“There is no better education than travel, and it’s a buyer’s market in the world of destination golf,” Ginella said. “It’s a dream come true for me, my crew and the entire Golf Advisor team to be given the chance to inform, inspire and entertain our viewers and followers, alike, and to tell the stories about the places they may venture to next.”

In addition to his role as television host, Ginella also joins an expert Golf Advisor editorial team, including award-winning golf travel, history and architecture journalist Bradley S. Klein, Senior Managing Editor Brandon Tucker and other leading voices in golf travel.

The Golf Advisor Round Trip premiere episode will visit the stunningly beautiful Danzante Bay on Mexico’s Baja Peninsula, and will feature its dramatically picturesque golf course that runs through beaches, cliffs and canyons, and was designed by famed architect Rees Jones. Watch a clip from the show Here.

Other destinations scheduled to be featured on Golf Advisor Round Trip in 2018 include:

  • Big Cedar Lodge, a wilderness resort experience in the Ozark Mountains of Missouri.
  • Reynolds Lake Oconee, golf in the rolling lake country of northern Georgia.
  • Myrtle Beach, S.C., one of the world’s most popular golfing destinations offering more than 90 courses.
  • Ireland, one of the world’s most popular international golfing destinations and home to some of the most iconic golf courses.

Golf Advisor Getaways will provide opportunities for individuals and groups to travel with Ginella and other Golf Advisor personalities to the destinations featured on the Golf Channel series. They will serve as host and trip “captain,” responsible for organizing itineraries that not only include great golf, but also destination side-trips, entertainment and varied dining experiences. More information can be found on how to join these trips at www.GolfAdvisor.com/getaways.

Scheduled Golf Advisor Getaways in 2018 include:

  • Sept. 9-12:  Big Cedar Lodge
  • Oct. 14-17:  Reynolds Lake Oconee
  • Dec. 6-9:  Danzante Bay

As a rapidly growing digital destination for the avid golfer, Golf Advisor has achieved record growth in the last year, highlighted by all-time records across various key metrics (pages views +16%; unique visitors +32%). The site features more than 700,000 user-generated golf course reviews of more than 15,000 golf courses around the world from its active community of golfers, as well as its popular Best of Lists.

 -NBC Sports Group-

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Watch: Kid Rock makes 40-footer in front of Nicklaus

By Grill Room TeamApril 24, 2018, 1:51 pm

For the second consecutive year, rock star Kid Rock (Bob Ritchie) teamed with Jack Nicklaus in the Bass Pro Shops Legends of Golf Celebrity Shootout, last week at Big Cedar Lodge.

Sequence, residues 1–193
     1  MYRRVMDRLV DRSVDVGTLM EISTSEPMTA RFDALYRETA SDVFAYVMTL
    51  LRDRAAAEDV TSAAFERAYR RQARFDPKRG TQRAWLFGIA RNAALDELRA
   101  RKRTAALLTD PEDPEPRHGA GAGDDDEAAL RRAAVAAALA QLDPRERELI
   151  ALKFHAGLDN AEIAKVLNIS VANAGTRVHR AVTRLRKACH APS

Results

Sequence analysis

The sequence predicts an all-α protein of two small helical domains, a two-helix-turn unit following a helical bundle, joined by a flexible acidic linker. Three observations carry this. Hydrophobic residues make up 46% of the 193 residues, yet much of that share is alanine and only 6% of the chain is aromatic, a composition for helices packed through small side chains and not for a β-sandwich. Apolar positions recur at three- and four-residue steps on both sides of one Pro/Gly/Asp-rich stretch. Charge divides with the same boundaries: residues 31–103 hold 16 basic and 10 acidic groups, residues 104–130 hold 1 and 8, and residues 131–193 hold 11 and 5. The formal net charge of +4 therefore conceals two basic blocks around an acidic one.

And while they didn't defend their title - the team of Johnny Miller and Larry the Cable Guy won - the Kid did show golf's ultimate legend how he rolls on the greens.

The Golden Bear and the American Bad A**. What a team.

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The next big thing: Xiong 'wasn’t born to be ordinary'

By Ryan LavnerApril 24, 2018, 1:45 pm

The details are etched in Casey Martin’s memory, the rare where-were-you-when moment in college recruiting.

In the summer of 2014, Oregon was coming off another successful season, but Martin couldn’t muster any enthusiasm for the next wave of juniors. No one dazzled him. It was a similarly frustrating start to the AJGA event at Mayacama, as he watched a highly regarded prospect labor through a painful pre-shot routine and then smother-hook his opening tee ball. No, that’s not it, Martin thought. That’s a meltdown.

But then they announced Norman Xiong – a 14-year-old man-child, decked head-to-toe in Nike gear, pushing 6-foot-1 and 185 pounds. In the span of a few seconds, he nonchalantly pegged it, waggled his club and then smoked a 330-yard drive, center cut.

“When you evaluate, you’re looking for a moment of clarity, like, Wow,” Martin says, “and I had that from the very first shot.”

That euphoria continued throughout the round, as Xiong [pronounced Zhong] hammered drives, sauntered down fairways and brushed in 6-footers without even marking his ball. Smitten, Martin texted his assistant: Dude, I’m going for this. He canceled his plans and devoted the next few years to recruiting Xiong.

“For his age, it was just so massively different – like that’s the real deal, right there,” Martin says. “I didn’t leave his side. It was selfish, but I just loved watching him play. There was a joy about him, and it was easy. I couldn’t stop watching.”